Tuesday, April 15, 2008


"Yes, they have, I know it!" interrupted the duchess.

"He was a giant," continued the monk. "He was so strong he could pluck an oak tree with the roots, and nobody in the whole world could compare with him for good looks, playing on the lute or singing. One time, when he was at the court of a French king, the king's daughter, Helgunda who was join the monastery, fell in love with him, and ran away with him to Tyniec, where they lived together in sin because no priest would marry them with Christian rites. At the same time, there lived in Wislica, Wislaw the Handsome, member of King Popiel's family. He, while Walter Wdaly was absent, devastated the country around Tyniec. Walter, when be returned defeated Wislaw and imprisoned him in Tyniec not worrying that every woman as soon as she saw Wislaw, was immediately ready to leave father, mother and even husband, if she could only satisfy her passion. This happened to Helgunda. She immediately devised such restrains for Walgierz, that that giant, although he could pluck an oak with its roots, was unable to break them. She gave him to Wislaw, who took and imprisoned him in Wislica. There Rynga, Wislaw's sister, having heard Walgierz singing in his underground cell, soon fell in love with him and set him free. He then killed and cut to pieces Wislaw and Helgunda with his sword, left their bodies for the crows, and returned to Tyniec with Rynga."

"Was it not right, what he did?" asked the duchess.

Brother Hidulf answered:

"If he had received baptism and given Tyniec to the Benedictines, perhaps God would have forgiven his sins; but he did not do that, therefore the earth has devoured him."

"Were the Benedictines in this kingdom at that time?"

"No, the Benedictines were not here, only the pagans lived here back then."

"How then could he receive baptism, or give up Tyniec?"

"He could not, and that is exactly why he was sent to hell to endure eternal torture," answered the monk with authority.

"Sure! He speaks rightly!" several voices were heard to say.

In the meanwhile they approached the main gate of the monastery, where the abbot with numerous monks and noblemen, was awaiting the duchess. There were always many people in the cloister: land stewards, barristers and procurators. Many noblemen, even powerful barons, held in fief from the monastery numerous estates; and these, as "vassals," were glad to pass their time at the court of their "lord," where near the main altar it was easy to obtain some gift and many benefits. Upcoming celebrations brought many vassals from far away. Those who didn’t find accommodations in Krakow came to Tyniec. Therefore the Abbot could greet the duchess with a numerous retinue.

He was a man of great stature, with a thin, intelligent face. His head was shaved on the top with a fringe of grey hair below. He had a deep scar on his forehead, which he had evidently received during his youth when he performed knightly deeds. His eyes looked penetratingly from beneath dark eyebrows. He wore a monk's dress similar to that worn by the other monks, but over it he wore a black mantle, lined with purple; around his neck was a gold chain from which was hanging a gold cross set with precious stones. His whole figure betrayed a proud and confident man accustomed to command.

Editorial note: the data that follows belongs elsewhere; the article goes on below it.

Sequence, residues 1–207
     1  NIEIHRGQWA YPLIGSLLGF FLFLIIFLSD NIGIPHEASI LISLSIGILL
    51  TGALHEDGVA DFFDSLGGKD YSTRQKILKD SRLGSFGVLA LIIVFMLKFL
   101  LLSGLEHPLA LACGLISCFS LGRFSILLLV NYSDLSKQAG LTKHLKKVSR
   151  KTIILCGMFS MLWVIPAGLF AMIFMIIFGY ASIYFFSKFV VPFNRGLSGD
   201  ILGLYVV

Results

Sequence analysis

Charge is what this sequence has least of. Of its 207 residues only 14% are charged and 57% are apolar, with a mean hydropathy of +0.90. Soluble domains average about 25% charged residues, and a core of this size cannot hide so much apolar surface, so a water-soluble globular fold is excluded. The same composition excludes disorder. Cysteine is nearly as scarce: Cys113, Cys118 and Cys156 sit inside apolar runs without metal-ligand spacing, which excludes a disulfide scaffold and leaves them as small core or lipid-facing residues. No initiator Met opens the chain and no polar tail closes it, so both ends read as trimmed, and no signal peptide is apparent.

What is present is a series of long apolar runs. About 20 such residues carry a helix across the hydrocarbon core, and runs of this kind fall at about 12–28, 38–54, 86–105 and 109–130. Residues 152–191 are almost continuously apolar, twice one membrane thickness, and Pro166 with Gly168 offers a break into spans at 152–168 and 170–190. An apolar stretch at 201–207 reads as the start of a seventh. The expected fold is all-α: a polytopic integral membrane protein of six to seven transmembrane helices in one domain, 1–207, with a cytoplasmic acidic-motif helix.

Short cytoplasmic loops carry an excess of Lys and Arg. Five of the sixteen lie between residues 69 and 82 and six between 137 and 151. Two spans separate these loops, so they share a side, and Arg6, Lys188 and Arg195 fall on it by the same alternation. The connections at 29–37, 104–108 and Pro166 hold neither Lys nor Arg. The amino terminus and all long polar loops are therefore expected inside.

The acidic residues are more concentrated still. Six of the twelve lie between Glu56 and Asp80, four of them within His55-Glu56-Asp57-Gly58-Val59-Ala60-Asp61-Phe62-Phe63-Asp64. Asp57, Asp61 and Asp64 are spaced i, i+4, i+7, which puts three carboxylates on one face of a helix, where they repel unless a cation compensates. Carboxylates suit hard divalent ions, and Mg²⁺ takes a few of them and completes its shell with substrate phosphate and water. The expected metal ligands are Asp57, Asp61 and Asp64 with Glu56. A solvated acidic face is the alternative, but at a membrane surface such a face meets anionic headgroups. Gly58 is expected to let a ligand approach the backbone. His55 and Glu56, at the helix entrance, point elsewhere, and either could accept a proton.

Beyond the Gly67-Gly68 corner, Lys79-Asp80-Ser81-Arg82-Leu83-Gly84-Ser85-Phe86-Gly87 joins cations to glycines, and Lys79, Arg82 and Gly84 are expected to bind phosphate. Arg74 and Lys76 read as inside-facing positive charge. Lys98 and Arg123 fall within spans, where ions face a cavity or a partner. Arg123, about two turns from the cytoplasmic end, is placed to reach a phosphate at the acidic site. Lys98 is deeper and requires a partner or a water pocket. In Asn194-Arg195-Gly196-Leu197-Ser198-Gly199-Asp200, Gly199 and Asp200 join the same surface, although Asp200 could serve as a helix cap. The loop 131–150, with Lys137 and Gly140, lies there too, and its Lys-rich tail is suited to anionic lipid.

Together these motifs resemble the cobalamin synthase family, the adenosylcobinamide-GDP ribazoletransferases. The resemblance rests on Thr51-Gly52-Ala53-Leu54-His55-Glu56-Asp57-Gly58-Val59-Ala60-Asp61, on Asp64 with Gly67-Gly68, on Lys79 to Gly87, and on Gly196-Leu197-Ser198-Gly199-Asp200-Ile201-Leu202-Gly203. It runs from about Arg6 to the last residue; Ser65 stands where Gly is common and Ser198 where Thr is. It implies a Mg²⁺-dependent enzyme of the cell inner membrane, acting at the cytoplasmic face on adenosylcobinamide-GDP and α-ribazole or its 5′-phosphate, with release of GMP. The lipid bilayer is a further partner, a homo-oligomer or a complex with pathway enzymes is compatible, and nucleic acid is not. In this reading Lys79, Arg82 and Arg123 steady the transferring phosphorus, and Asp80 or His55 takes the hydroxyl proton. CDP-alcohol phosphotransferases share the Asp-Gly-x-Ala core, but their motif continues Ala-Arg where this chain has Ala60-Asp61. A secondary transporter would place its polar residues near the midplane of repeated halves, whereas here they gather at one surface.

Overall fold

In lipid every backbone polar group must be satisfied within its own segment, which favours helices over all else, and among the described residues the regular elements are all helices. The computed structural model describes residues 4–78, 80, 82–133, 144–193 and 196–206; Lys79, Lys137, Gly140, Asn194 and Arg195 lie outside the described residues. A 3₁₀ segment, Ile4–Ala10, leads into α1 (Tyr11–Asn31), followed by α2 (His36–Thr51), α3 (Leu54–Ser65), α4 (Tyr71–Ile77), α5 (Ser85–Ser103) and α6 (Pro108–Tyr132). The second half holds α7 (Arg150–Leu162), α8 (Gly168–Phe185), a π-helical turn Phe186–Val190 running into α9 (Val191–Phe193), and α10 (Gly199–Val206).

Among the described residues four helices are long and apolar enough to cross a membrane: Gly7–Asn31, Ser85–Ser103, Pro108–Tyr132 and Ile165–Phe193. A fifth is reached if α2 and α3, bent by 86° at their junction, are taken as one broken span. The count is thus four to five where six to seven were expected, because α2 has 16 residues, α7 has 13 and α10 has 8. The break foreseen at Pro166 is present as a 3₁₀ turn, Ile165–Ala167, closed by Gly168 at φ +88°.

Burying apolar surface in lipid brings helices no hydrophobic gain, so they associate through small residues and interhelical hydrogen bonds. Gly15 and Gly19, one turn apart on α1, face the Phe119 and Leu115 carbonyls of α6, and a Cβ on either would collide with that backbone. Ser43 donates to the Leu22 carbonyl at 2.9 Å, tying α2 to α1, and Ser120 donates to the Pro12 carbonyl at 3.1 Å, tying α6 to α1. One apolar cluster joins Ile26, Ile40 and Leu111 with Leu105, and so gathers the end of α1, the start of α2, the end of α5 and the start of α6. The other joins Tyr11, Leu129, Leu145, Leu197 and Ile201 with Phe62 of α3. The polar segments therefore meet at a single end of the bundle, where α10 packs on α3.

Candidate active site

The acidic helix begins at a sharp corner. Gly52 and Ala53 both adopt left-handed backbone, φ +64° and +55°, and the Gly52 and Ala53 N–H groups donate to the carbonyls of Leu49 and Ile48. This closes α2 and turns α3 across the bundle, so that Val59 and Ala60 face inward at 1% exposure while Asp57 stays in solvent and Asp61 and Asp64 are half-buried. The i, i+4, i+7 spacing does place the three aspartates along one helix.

But he greeted the duchess graciously and even humbly, because he remembered that her husband belonged to the family of the dukes of Masovia, from which came the kings, Wladyslaw and Kazimierz; and that her mother was the reigning queen of one of the most powerful kingdoms in the world. Therefore he passed the threshold of the gate, bowed his had low, and then having made the sign of the cross over duchess Anna Danuta and over her court, he said:

"Welcome, my lady, to the threshold of this poor monastery. May Saint Benedict of Nursia, Saint Maurus, Saint Boniface, Saint Benedict of Aniane and also Jean of Tolomeia - our patrons living in eternal glory,- give you health and happiness, and bless you seven times a day during the remainder of your life."

"They would be deaf, if they did not hear the words of such a great abbot," said the duchess affably; "we came here to hear mass, during which we will place ourselves under their protection."

Having said this she stretched her hand toward him, which he kneeing upon one knee, kissed in knightly manner. Then they passed through the gate. The monks must have been waiting to celebrate a mass, because immediately the bells were rung; the trumpeters blew near the church door in honor of the duchess. Every church used to make a great impression on the duchess who had not been born in a Christian country. The church in Tyniec impressed her greatly, because there were very few churches that could rival it in magnificence. Darkness filled the church except at the main altar where many lights were shining, brightening the carvings and gildings. A monk, dressed for a mass, came from the vestry, bowed to the duchess and commenced mass. Then the smoke from the fragrant incense arose, veiled the priest and the altar, and mounted in quiet clouds to the vaulted ceiling, increasing the solemn beauty of the church. Duchess Anna bent her head and prayed fervently. But when an organ, rare in those times, began to shake the nave with majestic music, filling it with angelic voices, the duchess raised her eyes, and her face expressed, beside devotion and fear, a boundless delight; and one looking at her would take her for some saint, who sees in a marvelous vision, the open heaven.

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